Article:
The Van Halen debut.. Where does one start when discussing one of the genre-defining debut albums of the 70’s, if of all time!
Written by: gdmonline
ARTIST: Van Halen
ALBUM: Van Halen
LABEL: Warner Bros
SERIAL: BSK 3075
CD REISSUE: Discogs Reissue List
COUNTRY OF ORIGIN: USA
LINEUP: David Lee Roth – vocals * Eddie Van Halen – guitar * Michael Anthony – bass * Alex Van Halen – drums
TRACK LISTING: 01 Runnin’ With The Devil * 02 Eruption * 03 You Really Got Me * 04 Ain’t Talkin’ ‘Bout Love * 05 I’m The One * 06 Jamie’s Cryin’ * 07 Atomic Punk * 08 Feel Your Love Tonight * 09 Little Dreamer * 10 Ice Cream Man * 11 On Fire
WEBLINKS: Site Link
How ironic. To further add completeness to all the Van Halen albums reviewed on this site, we have to go all the way back to this magnificent 1978 debut. It is the only jewel not yet reviewed, and we feel a bit silly not having covered it earlier. All the writing staff (myself included) have spoken and navigated all around this album in other articles, but none of us committed pen to paper – until now.
Where does one start when discussing one of the genre-defining debut albums of the 70’s, if of all time! Do I need to go into great detail outlining the Van Halen history prior to this 1978 success? Probably not, but we will, if only briefly. From Pasadena, Los Angeles, VH started life off as the band Mammoth back in 1974. The band eventually changed names and had a demo produced by Gene Simmons which suggested that Casablanca Records were in the hunt. Not so.
The quartet signed with Warner Bros and went into the studio during the fall of 1977. WB’s in house producer Ted Templeman, created a production which was notable for the split stereo approach, placing Eddie’s rhythm guitar into the left side of the mix, with solos placed in the right alongside Mike Anthony’s bass, though some do bleed into the left-space as well.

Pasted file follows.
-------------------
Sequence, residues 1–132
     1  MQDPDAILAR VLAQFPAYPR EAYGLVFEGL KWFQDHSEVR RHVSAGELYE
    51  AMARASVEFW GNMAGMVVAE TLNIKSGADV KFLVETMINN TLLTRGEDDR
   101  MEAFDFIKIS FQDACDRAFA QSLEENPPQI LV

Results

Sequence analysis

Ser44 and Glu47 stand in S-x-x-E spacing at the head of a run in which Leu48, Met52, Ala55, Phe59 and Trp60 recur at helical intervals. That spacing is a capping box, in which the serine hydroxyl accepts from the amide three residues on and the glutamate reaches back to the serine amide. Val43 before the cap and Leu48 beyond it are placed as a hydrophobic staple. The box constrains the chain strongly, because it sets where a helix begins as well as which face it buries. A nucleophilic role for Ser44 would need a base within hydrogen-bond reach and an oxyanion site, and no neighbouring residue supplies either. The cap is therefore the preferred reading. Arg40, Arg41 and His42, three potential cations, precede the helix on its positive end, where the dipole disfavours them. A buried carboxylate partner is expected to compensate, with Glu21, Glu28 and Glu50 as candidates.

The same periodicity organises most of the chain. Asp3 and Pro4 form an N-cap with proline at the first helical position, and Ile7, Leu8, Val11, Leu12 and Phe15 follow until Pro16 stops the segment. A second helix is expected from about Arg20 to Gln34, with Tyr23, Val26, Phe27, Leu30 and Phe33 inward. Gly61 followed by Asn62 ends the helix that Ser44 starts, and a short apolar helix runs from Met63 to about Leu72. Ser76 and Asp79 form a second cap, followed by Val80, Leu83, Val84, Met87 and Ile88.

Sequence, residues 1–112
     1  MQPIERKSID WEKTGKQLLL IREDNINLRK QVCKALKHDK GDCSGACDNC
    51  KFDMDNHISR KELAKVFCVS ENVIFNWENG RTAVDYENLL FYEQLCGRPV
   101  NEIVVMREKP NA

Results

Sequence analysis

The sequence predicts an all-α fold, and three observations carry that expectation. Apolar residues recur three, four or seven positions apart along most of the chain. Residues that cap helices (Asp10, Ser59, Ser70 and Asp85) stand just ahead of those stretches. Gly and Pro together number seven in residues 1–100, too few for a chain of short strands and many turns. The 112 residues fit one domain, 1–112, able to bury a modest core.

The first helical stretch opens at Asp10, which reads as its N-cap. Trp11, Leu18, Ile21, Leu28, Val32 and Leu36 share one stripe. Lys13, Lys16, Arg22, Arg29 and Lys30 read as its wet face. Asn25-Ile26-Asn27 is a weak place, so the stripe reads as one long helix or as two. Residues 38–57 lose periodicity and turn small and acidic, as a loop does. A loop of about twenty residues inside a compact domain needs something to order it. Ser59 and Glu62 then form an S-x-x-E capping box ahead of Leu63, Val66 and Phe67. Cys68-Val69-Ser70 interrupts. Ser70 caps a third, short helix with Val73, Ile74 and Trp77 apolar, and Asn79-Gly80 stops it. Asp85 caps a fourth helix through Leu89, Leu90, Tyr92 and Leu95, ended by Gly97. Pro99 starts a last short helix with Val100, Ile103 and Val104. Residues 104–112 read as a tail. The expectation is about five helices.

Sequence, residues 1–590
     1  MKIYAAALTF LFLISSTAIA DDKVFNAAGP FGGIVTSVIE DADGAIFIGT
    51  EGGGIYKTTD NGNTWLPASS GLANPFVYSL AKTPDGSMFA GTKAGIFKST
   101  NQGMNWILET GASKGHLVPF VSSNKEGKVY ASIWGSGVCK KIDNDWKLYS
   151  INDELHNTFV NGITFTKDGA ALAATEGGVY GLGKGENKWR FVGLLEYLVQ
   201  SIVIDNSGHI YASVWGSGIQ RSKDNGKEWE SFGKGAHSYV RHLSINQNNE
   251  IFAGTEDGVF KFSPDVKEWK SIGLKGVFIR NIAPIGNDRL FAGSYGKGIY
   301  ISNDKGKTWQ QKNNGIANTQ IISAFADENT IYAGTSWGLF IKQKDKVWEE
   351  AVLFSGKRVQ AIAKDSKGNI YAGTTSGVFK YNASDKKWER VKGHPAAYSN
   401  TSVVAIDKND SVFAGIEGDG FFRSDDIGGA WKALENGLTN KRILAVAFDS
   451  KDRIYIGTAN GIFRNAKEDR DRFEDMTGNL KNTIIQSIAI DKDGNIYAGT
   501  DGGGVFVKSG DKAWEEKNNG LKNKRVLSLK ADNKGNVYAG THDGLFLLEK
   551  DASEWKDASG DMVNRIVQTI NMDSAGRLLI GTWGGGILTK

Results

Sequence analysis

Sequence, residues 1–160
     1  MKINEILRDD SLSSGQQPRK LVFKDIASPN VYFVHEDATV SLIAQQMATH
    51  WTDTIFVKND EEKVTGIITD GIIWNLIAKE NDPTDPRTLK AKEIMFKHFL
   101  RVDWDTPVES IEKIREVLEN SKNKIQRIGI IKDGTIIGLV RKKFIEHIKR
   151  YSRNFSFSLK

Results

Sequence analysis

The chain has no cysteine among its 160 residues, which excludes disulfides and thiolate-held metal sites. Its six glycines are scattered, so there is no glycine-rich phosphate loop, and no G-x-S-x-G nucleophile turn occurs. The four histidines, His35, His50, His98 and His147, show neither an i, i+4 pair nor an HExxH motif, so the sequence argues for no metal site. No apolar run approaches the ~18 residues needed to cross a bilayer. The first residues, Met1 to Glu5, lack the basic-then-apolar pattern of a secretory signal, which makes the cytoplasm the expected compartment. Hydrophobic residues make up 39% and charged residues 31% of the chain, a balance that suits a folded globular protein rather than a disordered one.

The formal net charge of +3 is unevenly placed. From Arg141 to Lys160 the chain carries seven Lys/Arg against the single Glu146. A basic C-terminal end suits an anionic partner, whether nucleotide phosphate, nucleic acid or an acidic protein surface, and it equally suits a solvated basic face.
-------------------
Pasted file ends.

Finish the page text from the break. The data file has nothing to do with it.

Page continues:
It seemed unusual at the time and was continued on further albums, not just here. Released in February 1978, the album would achieve gold status three months later (May 78), and eventually go platinum five months later (Oct 78). The album would go on to sell over 10 million units, and their first tour would be as support for Journey.. an interesting combination, and a tour I would have loved to have seen and been part of. Onto the record.
‘Running With The Devil’ opens the album cautiously. Diamond Dave and Eddie prowl across the soundscape with a slower tempo, but things get heated by solo time. ‘Eruption’ was the instrumental solo that created a whole new generation of guitarists across the world, the tapping and divebombing techniques would make its way into the arsenal of budding rock guitarists right up until this day, and would redefine the role of lead guitar forever.
The Kinks cover ‘You Really Got Me’ is without doubt the best version of this song outside of the original, even if it is markedly different. I wonder what the Davies brothers thought of it all when they heard it? lol! The Diamond Dave squeals, grunts and groans is the other highlight of the song!